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Aug 05

The Dingonek, West Africa’s “Jungle Walrus”

The Dingonek, West Africa’s “Jungle Walrus”
By Sara Fawley

9 to 18 feet long, covered in scales with a scorpion-like tail filled with deadly poison the Dingonek is one of the more fearsome cryptids. Also known as the “Jungle Walrus” due to the huge canines protruding from it’s mouth that is in a square head with a large horn protruding from the center of it. This semi-aquatic creature is said to inhabit the creeks, rivers and lakes of Western Africa primarily in the area that was formerly known as Zaire. This creature is said to be extremely vicious and territorial. It is claimed that it hunts crocodiles, hippos, monkeys, humans or basically anything that ventures into it’s territory.

The most noted sighting of the creature was in 1907 by explorer John Alfred Jordan who is said to have shot at but not killed the creature in the River Maggori in Kenya. The story goes that Jordan was hunting along the shores of the river with native Lumbwa guides. His guides came and told him they had just seen a Dingonek in the river and took him to the location. The natives described it at a cross between a sea serpent, a whale and a leopard. Jordan described it as being 14 to 15 feet long with a head as big as a lioness but shaped and marked like a leopard, two long white fangs sticking straight down from it’s up jaw, back as broad as a hippo and scaled like an armadillo. He also stated that it had reptilian like claws. Being frightened, Jordan shot the creature behind one of it’s ears. The beast sprang up out of the water, standing up on it’s tail. Jordan and the Lumbwa ran in fear for their lives.

Jordan’s story was recounted in a book by Edgar Bronson in 1910. There are many word of mouth tales that have been passed down for generations among the natives of Western Africa and to this day there are claims of sightings. If it were just the stories this would be easy to put in the category of myth or wives tale except there is one curious side note. In a cave at Brackfontein Ridge in South Africa there is said to be a painting of an unknown creature that fits the description of the Dingonek to a tee right down to the walrus like tusks.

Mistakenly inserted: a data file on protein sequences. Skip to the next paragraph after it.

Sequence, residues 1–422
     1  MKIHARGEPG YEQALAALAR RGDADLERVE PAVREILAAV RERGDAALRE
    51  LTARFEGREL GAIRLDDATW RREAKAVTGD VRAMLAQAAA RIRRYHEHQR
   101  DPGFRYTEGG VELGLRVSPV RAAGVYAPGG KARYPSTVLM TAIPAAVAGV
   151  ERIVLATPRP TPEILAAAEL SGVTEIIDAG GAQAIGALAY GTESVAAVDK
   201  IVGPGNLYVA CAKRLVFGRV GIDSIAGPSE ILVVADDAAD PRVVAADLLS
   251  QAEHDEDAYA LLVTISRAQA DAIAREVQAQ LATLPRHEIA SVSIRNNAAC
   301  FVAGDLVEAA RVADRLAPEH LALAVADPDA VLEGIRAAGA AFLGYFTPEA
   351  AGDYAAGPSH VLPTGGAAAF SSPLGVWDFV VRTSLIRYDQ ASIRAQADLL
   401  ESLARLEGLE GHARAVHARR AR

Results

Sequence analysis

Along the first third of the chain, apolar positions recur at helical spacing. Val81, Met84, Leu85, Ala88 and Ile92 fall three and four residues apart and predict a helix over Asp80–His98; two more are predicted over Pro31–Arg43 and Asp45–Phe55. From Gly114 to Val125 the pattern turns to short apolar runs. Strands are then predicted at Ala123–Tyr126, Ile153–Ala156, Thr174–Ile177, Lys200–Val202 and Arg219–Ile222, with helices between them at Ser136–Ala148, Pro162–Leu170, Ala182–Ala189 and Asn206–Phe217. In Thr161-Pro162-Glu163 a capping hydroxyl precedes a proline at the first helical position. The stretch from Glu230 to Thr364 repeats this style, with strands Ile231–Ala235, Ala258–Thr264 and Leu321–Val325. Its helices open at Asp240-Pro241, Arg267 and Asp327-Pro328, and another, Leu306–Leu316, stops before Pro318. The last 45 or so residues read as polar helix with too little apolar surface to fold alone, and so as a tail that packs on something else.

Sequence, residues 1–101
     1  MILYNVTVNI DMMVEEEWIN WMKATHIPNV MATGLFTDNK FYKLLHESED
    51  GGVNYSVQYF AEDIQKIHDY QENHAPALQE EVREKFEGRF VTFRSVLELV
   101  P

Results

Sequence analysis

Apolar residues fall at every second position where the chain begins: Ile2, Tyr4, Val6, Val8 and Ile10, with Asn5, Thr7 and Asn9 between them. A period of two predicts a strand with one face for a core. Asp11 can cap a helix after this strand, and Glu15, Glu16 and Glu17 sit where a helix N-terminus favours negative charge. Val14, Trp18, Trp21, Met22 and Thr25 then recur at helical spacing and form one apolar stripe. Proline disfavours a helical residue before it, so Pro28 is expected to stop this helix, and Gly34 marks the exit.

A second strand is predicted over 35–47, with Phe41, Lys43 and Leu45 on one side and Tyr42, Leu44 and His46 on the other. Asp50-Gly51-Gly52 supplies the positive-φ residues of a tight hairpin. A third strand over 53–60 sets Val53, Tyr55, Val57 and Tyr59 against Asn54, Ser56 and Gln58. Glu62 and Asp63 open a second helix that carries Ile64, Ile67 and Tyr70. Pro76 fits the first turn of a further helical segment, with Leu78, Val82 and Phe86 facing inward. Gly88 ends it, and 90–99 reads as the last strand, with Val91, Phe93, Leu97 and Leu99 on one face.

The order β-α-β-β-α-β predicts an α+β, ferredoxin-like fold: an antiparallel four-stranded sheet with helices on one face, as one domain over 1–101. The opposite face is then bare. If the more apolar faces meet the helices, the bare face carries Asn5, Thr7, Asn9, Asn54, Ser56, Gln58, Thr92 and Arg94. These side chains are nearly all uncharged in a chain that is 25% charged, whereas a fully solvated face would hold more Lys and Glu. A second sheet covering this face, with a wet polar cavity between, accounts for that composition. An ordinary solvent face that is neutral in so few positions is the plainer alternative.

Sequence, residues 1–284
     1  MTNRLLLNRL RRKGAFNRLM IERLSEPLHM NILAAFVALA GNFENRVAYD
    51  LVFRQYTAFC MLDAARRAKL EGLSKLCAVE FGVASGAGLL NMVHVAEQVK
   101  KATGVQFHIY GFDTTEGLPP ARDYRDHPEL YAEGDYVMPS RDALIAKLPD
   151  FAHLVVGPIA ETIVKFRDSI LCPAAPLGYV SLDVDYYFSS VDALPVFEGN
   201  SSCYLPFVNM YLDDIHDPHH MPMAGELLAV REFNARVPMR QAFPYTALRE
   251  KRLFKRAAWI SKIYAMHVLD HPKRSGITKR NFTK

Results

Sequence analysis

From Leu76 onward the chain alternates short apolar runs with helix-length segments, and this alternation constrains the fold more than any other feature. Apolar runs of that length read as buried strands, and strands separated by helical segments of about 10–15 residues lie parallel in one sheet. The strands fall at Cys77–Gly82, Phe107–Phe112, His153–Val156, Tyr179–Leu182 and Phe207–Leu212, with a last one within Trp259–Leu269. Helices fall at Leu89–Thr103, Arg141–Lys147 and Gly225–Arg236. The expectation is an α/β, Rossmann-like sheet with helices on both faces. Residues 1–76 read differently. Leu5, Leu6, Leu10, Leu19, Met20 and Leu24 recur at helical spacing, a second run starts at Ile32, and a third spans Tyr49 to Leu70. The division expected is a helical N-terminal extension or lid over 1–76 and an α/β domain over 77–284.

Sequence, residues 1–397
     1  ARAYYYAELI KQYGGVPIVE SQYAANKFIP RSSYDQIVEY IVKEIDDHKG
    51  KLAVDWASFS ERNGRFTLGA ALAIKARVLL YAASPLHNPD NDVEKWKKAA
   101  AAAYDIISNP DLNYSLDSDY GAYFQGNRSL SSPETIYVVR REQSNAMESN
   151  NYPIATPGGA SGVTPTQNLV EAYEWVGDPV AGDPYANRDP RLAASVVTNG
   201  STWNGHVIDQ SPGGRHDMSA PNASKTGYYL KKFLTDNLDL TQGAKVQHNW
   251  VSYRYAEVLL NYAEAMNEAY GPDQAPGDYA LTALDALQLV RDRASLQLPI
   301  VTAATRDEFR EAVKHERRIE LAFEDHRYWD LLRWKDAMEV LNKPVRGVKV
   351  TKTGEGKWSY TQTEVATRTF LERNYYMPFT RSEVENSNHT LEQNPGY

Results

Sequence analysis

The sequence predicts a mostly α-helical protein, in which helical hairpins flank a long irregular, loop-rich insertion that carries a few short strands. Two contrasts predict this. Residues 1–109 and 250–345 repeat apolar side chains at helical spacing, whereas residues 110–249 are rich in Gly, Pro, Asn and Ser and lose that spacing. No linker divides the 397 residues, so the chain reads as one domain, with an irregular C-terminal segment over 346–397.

So is Dingonek a real creature or just a myth passed down through local native tribes to keep the children away from the river banks? Is it a mis-identification of a known creature? Is it several myths and legends put together? Since there has not really been any investigation into the creature that I have found we cannot be sure. One thing is for certain, the locals of the region believe.

http://paranormal.about.com/…/othercreatur…/a/aa031008_2.htm
https://tocontriveandjive.wordpress.com/…/does-the-dingone…/
http://cryptidchronicles.tumblr.com/…/dingonek-african-cryp…
http://www.cryptopia.us/…/20…/12/dingonek-zaire-west-africa/

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Sara Fawley

Sara Fawley

Hello my name is Sara Fawley. I was born and raised in San Diego, Ca Oct 1965. I lived there until I was 19, then moved with my now ex-husband to Texas where I lived for the next 25 years. I have two grown sons who are married and have lives and families of their own. My current husband and I now live in a small town in Arkansas with our dachshund Shabar. I owned and antiques and collectibles shop but closed it down in September 2013 after having a heart attack. I still buy and sell antiques and collectibles and make handmade natural gemstone jewelry which we sell at shows and festivals. I don't recall ever not knowing that there was more than just us out there. My first experience happened when I was a young child and was visited by my godfather "Grandpa Clyde" at the time of his death and for three weeks after that. I have seen one other full bodied apparition in my life and had several other minor experiences that left me scratching my head.I am not an investigator but have a huge thirst for knowledge. I am always looking up this or that legend, myth or story I hear or sometimes I just have random thoughts and look them up to see if anyone else thinks the same way. I am very analytically minded and always like to get to the bottom of things.
Sara Fawley

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